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OpenSSL on Oracle Solaris 11.3

As with Solaris 11.2,
Solaris 11.3 delivers two versions of OpenSSL: the non-FIPS 140 version
(default) and the FIPS 140 version.  They are both based on OpenSSL 1.0.1o (as of July 7th, 2015).



There are no major features added to Solaris 11.3 OpenSSL; however,
there are a couple of things that I would like to note.


EOL SSLv2 Support



SSLv2 protocol has been known to have issues for a while. Therefore, we
have decided it's about time to remove SSLv2 support from Solaris
OpenSSL. This should not be an issue for most applications out there, as
nobody should be using SSLv2 protocols these days.  If your application
still does, please consider moving on to more secure TLS protocols.



With Solaris 11.3, SSLv2 entry points are replaced with stub functions,
and they are declared 'deprecated'.  Thus, if you are building an
application which has references to the SSLv2 entry points, be prepared
to see some compiler warnings like:


        warning:  "SSLv2_client_method" is deprecated, declared in : "/usr/include/openssl/ssl.h", line 2035


Now, some of you may wonder: why are we not removing SSLv3 from Solaris
OpenSSL as well?


Unfortunately, there are some 3rd party applications which still only
support the SSLv3 protocol, thus, we feel that it's not time to remove
SSLv3 support from the OpenSSL library just yet. That's not to say SSLv3
protocol is an acceptable protocol.  RFC 7568 Deprecating Secure Sockets Layer Version 3.0 was just published stating that "SSLv3 MUST NOT be used. Negotiation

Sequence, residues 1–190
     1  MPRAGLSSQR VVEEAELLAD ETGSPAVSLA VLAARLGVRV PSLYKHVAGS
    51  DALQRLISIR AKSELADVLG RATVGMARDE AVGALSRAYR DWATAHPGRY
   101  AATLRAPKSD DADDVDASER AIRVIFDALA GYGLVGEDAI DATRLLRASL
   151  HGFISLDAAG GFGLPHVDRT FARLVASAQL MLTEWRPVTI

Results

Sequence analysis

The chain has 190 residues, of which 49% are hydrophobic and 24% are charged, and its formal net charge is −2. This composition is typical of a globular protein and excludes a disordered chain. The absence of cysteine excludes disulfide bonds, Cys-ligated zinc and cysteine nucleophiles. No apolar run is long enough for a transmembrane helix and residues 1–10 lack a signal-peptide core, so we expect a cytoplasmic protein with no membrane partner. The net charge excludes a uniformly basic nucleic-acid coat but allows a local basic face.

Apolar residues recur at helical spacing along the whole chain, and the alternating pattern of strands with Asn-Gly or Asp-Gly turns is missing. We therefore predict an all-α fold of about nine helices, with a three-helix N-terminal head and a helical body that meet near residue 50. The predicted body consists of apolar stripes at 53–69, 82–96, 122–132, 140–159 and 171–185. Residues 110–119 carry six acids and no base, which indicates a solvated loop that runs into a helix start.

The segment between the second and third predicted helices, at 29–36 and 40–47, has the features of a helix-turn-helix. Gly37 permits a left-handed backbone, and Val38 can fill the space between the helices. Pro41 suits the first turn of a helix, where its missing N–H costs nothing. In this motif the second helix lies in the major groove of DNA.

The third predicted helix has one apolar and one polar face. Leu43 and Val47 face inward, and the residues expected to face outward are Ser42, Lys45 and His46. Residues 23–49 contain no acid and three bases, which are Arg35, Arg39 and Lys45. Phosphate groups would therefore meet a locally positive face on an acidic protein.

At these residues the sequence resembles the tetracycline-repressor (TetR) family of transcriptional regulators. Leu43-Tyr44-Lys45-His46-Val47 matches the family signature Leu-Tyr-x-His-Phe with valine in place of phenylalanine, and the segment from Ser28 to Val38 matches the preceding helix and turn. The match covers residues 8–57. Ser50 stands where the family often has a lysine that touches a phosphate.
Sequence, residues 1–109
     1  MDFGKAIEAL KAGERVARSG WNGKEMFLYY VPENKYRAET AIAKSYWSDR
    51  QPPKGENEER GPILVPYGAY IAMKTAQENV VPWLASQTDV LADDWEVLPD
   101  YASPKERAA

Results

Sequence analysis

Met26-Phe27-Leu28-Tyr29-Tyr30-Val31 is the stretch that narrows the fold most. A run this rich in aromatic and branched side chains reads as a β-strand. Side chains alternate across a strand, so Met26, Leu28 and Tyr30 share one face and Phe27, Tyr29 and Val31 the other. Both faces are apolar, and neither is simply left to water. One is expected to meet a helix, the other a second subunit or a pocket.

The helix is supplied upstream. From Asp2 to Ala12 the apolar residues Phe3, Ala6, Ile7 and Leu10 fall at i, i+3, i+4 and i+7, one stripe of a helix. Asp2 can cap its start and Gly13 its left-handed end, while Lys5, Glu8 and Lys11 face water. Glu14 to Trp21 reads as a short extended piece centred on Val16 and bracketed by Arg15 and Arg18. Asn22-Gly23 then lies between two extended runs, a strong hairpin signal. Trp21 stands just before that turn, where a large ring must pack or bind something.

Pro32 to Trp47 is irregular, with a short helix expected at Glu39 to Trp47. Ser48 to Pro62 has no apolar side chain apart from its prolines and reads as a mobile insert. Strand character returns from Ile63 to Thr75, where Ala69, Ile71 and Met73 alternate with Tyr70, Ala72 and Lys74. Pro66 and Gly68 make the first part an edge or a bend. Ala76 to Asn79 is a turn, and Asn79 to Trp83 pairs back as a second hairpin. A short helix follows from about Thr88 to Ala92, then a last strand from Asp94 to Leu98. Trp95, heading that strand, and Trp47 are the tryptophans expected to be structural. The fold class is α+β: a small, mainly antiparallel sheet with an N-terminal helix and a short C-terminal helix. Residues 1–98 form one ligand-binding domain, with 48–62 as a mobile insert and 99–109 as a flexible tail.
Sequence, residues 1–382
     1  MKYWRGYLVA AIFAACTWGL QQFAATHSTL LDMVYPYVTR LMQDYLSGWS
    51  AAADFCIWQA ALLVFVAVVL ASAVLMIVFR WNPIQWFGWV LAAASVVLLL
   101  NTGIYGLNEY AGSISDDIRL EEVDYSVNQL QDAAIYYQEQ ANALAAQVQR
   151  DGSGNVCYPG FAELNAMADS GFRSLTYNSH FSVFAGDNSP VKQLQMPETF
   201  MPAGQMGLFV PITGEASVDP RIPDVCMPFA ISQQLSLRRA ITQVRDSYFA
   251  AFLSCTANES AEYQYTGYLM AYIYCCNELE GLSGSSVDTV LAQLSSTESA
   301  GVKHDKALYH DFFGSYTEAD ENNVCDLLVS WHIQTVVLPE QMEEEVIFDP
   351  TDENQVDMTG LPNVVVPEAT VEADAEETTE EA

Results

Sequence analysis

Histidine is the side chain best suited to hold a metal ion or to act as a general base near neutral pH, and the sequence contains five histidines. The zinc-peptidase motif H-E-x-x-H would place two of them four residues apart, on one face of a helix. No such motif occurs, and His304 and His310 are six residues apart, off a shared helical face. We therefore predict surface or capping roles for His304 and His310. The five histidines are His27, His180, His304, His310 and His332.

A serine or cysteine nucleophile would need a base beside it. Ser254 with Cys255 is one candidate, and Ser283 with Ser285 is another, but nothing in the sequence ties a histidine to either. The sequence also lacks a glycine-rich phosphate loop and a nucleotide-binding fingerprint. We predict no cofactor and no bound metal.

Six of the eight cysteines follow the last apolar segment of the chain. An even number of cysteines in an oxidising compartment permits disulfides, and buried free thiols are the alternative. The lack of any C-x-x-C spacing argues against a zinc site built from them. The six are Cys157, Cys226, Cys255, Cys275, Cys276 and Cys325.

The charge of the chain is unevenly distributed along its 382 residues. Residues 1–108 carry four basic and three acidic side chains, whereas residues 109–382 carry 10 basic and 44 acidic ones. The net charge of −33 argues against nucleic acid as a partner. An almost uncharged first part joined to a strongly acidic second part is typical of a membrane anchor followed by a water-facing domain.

of SSLv3 from any version of TLS
MUST NOT be permitted."  Fortunately,
Oracle has already been implementing compliance with this RFC for a
while now, and most applications supported by Oracle Solaris
11.3 disable SSLv2 and SSLv3 by default.  If you own an application
which only supports SSLv3, it is time to move onto the newer and more
secure protocols such as TLS 1.2.  We won't be supporting SSLv3
protocols for too much longer.



OpenSSL Thread and Fork Safety (Part 2)



With S11.2, we attempted to make OpenSSL thread and fork safe by
default.  (See "OpenSSL Thread and Fork Safety" under "OpenSSL on
Solaris 11.2
")


However, the fix apparently wasn't complete, and we needed to extend the
fix.



With Solaris 11.3 OpenSSL, the following functions are now replaced with
stub functions.  Instead of allowing other applications/libraries to
specify their own locking and thread identification callback functions,
Solaris now has an internal implementation of locking and thread
identification within Solaris OpenSSL that's not visible by the API
caller.  Applications may still call those functions, but supplied
callback functions will not be used by Solaris OpenSSL.



      CRYPTO_set_locking_callback


      CRYPTO_set_dynlock_create_callback


      CRYPTO_set_dynlock_lock_callback


      CRYPTO_set_dynlock_destroy_callback


      CRYPTO_set_add_lock_callback


      CRYPTO_THREADID_set_callback


      CRYPTO_set_id_callback



What does that mean for you?


OpenSSL is now thread and fork safe by default, finally.  You don't need
to make any modification to


your application nor to your library.  You can relax and have a beer or two




That's all I have for now.

Join the discussion

Comments ( 2 )
  • Terence Lim Monday, April 1, 2019
    Hi,

    How do i enable TLS1.2 on Solaris 11.3?
  • Alan Coopersmith Saturday, April 6, 2019
    There is no global switch for TLS version support in Solaris. You need to read the docs for the application or API you are using to see how to configure it for that specific code base.
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